OCT 31, 2016 6:00 PM PDT

Is Acupuncture Effective or Not?

WRITTEN BY: Kara Marker
Needle pricks instead of popping pills? Maybe. A new study from the University of California, Irvine’s Susan Samueli Center for Integrative Medicine has provided the first evidence of the molecular activity behind the hypertension-lowering potential of a “shocking” type of acupuncture.
 The study shows repetitive electroacupuncture evokes a long-lasting action in lowering blood pressure. Credit: Chris Nugent / UCI
An advanced form of acupuncture, called electroacupuncture for obvious reasons, involves the simultaneous insertion of two needles on specific point along the body. The needles are attached to a device that delivers continuous electrical pulses through small clips, and the electrical impulse frequency and intensity is adjustable. The electric pulses are usually given about thirty minutes at a time.
 
Electroacupuncture is believed by some to have first been used by European physicians in the 19th century. However, it is more likely that it began to be used in the 1940s by Japanese scientists interested in enhancing bone fractures recovery
 
Acupuncture is based on the principles of Chinese medicine:
 

“Illness is caused when qi does not flow properly throughout the body. Acupuncturists determine whether qi is weak, stagnant or otherwise out of balance, which indicates the points to be stimulated. Electroacupuncture is considered to be especially useful for conditions in which there is an accumulation of qi, such as in chronic pain syndromes, or in cases where the qi is difficult to stimulate.”

 
The new study, published in the journal Scientific Report, showed how regular electroacupuncture treatment in rats lowered hypertension by releasing the type of opioids that controls blood pressure from the brainstem: enkephalins.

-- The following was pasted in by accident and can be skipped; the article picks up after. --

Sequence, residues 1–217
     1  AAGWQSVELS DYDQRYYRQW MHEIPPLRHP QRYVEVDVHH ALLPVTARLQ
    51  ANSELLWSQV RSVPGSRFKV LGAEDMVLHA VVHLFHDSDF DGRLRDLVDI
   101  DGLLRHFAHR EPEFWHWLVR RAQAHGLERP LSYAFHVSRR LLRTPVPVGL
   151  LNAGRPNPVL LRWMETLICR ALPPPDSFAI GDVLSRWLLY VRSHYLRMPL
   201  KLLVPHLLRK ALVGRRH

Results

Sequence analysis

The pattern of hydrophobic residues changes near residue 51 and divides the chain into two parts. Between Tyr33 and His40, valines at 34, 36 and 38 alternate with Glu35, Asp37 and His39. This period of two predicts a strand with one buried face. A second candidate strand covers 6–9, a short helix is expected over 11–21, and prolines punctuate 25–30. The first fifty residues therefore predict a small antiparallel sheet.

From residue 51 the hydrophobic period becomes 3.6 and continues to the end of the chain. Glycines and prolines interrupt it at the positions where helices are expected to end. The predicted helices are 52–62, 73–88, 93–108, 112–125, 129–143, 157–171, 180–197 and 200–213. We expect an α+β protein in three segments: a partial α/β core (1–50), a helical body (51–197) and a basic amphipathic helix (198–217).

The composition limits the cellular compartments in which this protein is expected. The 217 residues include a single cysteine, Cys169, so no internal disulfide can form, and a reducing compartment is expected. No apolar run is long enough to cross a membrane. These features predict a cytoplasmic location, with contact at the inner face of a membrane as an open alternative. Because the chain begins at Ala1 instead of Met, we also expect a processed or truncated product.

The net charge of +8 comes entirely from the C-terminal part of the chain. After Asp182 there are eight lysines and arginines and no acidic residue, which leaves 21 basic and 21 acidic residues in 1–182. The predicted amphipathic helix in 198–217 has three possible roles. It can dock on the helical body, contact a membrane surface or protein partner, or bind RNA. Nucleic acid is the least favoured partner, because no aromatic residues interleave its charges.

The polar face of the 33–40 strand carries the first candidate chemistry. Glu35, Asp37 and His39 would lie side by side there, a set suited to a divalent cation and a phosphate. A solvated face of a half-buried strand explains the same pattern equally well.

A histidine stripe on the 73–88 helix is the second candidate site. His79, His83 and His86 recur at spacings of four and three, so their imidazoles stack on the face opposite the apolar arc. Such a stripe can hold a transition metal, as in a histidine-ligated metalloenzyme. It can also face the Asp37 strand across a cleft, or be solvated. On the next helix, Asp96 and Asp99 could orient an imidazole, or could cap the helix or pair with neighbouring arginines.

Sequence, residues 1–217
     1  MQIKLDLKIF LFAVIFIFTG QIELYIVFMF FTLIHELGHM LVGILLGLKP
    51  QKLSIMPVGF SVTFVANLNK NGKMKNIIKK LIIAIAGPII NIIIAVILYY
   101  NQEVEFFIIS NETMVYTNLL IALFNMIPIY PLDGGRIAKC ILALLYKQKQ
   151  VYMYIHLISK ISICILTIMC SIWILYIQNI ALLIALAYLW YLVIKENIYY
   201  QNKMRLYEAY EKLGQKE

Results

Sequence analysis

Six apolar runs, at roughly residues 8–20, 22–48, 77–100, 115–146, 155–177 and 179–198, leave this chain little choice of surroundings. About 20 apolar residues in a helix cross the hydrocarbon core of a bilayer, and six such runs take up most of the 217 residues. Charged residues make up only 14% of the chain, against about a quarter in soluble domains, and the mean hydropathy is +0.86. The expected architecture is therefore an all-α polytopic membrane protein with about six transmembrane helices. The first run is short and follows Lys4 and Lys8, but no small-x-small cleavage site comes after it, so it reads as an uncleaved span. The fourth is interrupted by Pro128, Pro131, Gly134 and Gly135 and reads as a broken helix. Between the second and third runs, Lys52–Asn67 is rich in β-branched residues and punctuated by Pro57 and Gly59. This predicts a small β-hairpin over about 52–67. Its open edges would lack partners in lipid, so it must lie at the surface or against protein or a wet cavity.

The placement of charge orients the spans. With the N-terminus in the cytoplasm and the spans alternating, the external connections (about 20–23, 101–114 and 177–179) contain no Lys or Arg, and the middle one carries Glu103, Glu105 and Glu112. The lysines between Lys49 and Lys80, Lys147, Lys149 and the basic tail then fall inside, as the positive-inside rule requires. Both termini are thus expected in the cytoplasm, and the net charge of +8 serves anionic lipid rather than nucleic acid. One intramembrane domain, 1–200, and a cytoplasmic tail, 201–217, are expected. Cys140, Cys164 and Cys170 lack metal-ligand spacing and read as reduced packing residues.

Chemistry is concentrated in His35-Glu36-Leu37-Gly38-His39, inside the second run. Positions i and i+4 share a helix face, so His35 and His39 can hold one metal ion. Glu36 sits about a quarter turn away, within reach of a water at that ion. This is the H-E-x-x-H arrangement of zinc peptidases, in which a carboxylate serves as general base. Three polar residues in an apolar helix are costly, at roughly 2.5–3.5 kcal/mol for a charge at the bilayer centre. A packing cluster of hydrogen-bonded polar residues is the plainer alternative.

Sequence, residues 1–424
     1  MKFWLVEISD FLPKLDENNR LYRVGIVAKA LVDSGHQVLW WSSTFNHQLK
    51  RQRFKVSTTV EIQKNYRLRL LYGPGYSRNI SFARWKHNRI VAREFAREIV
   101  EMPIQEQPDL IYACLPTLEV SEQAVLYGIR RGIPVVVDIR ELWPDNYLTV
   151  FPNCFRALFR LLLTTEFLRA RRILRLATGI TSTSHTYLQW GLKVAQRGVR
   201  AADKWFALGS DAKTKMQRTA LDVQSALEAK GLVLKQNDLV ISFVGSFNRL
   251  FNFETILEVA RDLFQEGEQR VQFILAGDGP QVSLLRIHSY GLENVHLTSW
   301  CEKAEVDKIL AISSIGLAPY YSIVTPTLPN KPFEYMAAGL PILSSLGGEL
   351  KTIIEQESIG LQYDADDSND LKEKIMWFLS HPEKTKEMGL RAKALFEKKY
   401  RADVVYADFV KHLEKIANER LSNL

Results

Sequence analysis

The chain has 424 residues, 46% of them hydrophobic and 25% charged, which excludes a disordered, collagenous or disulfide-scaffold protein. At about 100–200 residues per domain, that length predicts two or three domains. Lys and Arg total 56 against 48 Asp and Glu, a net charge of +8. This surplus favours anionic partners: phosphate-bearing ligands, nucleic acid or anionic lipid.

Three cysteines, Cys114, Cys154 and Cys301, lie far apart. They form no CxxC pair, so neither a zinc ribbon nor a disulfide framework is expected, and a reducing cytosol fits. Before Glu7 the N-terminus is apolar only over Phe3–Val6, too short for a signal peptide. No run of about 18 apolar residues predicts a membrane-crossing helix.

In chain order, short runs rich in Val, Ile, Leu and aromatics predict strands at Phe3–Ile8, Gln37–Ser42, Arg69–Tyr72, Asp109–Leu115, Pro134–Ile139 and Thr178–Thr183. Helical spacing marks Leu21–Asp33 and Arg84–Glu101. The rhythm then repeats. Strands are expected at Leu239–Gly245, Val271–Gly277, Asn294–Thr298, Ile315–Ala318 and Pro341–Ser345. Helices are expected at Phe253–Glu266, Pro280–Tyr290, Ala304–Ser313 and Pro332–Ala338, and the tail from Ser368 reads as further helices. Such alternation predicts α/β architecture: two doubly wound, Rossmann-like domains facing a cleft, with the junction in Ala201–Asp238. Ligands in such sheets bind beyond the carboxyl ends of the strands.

Enkephalins are the smallest of molecules with pain-killing activity. They are found in the thalamus and some parts of the spinal cord. These opiates bind to opiate receptors and release controlled levels of pain, but they also impact many other bodily functions: digestive system motility, gastric secretion, pancreatic secretion, metabolism of carbohydrates, neuroendocrine system, gonadal function, regulation of memory and emotional conditions, food and liquid consumption, regulation of the immune system.
 
When the study rats were given electroacupuncture, researchers saw the increase in gene expression of enkephalins correlated with reduce blood pressure, which lasted for three days or more for all the rats studied. The study results provided strong evidence for the repetitive delivery electroacupuncture to obtain long-lasting lowering of blood pressure, according to the study scientists, “suggesting that this therapy may be suitable for treating clinical hypertension.”
 
Hypertension is known to impact the lives of nearly one-third of the world’s adult population, and it can lead to heart attack and stroke.
 


Sources: University of California, Irvine’s Susan Samueli Center for Integrative Medicine, Acupuncture Today, AnaSpec
 
About the Author
I am a scientific journalist and enthusiast, especially in the realm of biomedicine. I am passionate about conveying the truth in scientific phenomena and subsequently improving health and public awareness. Sometimes scientific research needs a translator to effectively communicate the scientific jargon present in significant findings. I plan to be that translating communicator, and I hope to decrease the spread of misrepresented scientific phenomena! Check out my science blog: ScienceKara.com.
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